The twins say I’m perfect and rare. “We had to look very hard to find someone like you." I am admired.
Please enjoy this sample chapter from the book . . .
Center City, Philadelphia
Nettie first met her friend Kapil Talpur three years ago, just after her return from Paris. He’d collapsed in an alleyway next to her home in Center City, Philly. The young man looked emaciated. She had taken him to a restaurant and bought him a meal; the gesture turned into an enduring friendship. Nettie was walking toward her Locust Street brownstone now and thinking about this sweet, thoughtful guy, his gratitude for that long ago dinner . . .
“Thank you a thousand times,” he’d told her. So Kapil.
“Once is plenty,” she had said.
Kapil Talpur was from Mumbai and had just lost his fellowship then, while in the third year of a doctorate program at the University of Pennsylvania, something to do with particle physics. Financial assistance had been promised in the “not too distant” future, and he’d started a new job at a nearby convenience store to make ends meet until he could go back to school. Three years later and Kapil was still working in the same store.
Sometimes Nettie would see her friend on her way home, though not tonight, apparently. She hoped he was doing well.
The young man always asked how her father was getting along. Kapil didn’t understand why the reverend was living in a retirement community at such an early age.
“Paris didn’t help him,” she’d said. It sounded flippant, uncaring. Nettie had wanted to say, “I feel completely helpless and I don’t know how to dig him out of his terrible sadness.” But she thought that would be too much for any friend to hear.
Nettie turned and crossed Locust, climbing the four concrete steps to the front door of the brownstone. That was when someone behind her cupped her nose and mouth with a wet cloth.
The cloth smelled sweet. It had the sort of smell that left her feeling nauseous. Like any moment she could get a serious case of the hurls. God she hated throwing up. Chloroform, that was her thought. How long do I have? When does this shit knock me out? What’re they gonna do, rape me? Her mom’s story: the two boys down by the Schuylkill River.
Like mom, like daughter.
Nettie kept trying to break free, kicking her legs into the cold night air. The man holding her was amazingly strong for his size. She’d gotten a glimpse of him, the guy and his weird friend. They were frail looking men—tall but very frail.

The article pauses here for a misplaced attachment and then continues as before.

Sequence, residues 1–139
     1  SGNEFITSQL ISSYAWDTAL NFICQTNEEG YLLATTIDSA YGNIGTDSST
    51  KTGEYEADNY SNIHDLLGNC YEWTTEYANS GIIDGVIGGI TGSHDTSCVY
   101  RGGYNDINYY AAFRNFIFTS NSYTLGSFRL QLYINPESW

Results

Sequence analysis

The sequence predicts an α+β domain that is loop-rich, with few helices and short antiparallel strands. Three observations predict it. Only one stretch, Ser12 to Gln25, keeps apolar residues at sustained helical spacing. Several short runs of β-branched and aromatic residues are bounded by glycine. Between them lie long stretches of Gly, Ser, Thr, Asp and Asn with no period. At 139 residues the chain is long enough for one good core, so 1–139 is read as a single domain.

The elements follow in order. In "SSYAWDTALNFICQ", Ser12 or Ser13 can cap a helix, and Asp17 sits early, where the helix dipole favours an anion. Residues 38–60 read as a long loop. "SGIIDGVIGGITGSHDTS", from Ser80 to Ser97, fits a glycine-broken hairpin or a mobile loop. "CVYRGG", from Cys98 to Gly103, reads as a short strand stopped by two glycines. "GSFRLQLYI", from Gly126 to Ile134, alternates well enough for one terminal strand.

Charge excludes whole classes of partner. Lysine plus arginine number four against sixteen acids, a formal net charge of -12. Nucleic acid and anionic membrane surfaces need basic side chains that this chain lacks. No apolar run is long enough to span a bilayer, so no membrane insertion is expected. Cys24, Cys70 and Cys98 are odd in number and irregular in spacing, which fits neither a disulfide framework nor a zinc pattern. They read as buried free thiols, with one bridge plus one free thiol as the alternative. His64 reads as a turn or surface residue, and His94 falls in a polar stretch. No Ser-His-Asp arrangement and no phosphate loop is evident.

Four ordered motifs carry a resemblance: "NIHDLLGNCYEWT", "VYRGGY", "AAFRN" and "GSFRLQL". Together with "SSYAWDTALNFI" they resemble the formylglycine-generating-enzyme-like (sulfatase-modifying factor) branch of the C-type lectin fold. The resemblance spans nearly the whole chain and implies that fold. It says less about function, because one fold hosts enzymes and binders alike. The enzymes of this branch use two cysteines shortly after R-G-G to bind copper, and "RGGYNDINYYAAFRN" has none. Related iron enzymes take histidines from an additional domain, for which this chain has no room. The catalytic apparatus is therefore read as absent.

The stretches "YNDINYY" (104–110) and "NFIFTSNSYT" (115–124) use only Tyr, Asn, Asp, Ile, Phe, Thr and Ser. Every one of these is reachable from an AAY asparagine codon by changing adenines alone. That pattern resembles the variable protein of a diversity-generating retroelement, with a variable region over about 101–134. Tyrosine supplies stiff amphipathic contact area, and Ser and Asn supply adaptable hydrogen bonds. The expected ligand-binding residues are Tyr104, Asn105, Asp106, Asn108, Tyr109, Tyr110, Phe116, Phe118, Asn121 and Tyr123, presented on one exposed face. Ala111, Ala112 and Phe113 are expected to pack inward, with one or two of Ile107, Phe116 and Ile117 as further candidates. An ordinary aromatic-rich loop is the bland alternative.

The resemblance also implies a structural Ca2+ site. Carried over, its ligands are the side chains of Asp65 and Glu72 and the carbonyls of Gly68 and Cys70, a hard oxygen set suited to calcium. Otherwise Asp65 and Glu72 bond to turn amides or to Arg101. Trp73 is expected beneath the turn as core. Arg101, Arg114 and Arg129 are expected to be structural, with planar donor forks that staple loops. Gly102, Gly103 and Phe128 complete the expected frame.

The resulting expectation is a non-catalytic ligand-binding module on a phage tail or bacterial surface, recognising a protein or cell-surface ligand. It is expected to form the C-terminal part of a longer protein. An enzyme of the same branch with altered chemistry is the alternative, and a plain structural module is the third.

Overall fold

And no, not his friend.
How could Nettie have thought friend? Brothers—yes, of course. More than that, the two of them are twins. Or I’m seeing double? They’re like Tweedle Dee and Tweedle Dum. But they weren’t fat like the Tweedles. These guys were skinny, very skinny.
Her legs had started going weak, and her brain felt as if it was floating inside her skull. She felt a sharp quick sting in the crook of her arm. A needle, that was her thought. The needle stayed in her arm for five or ten seconds. He’s stealing my blood? Who in the hell takes somebody on the steps of her own home and steals her blood? Nettie was twenty-six and lived alone. She knew a person needed to be careful in Philly, especially Center City. A subcompact Beretta Px4 was in her leather handbag. Now the handbag lay on the step. How priceless, so much for being prepared. Her bag had dropped when the man grabbed her.
“Don’t bruise anything,” one twin said.
“Does she look bruised?”
“It doesn’t show immediately.”
“Shut up, Carl.”
“Hey, no names. Jesus.”
“Relax. She won’t be taking out an ad.”
Before one of the twins had pressed the cloth over Nettie’s nose and mouth, she’d been thinking about making a cup of dark chocolate coco and watching The Maltese Falcon on TCM with her beloved Mr. Muggles, the most spoiled cat in the Delaware Valley. She thought a movie about a bird would keep him interested.
The two men shoved her into the back of a Chrysler Town & Country station wagon. She noticed a rusted left front fender. The wagon had a pea green top and hood. The sides were a phony mahogany wood. She saw the thing during her last moments of consciousness. The wagon smelled like week old laundry and stale fries.
Who drives this, anymore? she thought. Late 80s’ crap, ’88, ’89.
Nettie knew her cars. It was genetic or what-have-you; she got it from her dad who could’ve told you the date and make of any car on God’s highway. Crazy what a person thinks. Oh shit, gypsies, that was what she thought. I’ve been captured by gypsies.
Nettie blacked out.
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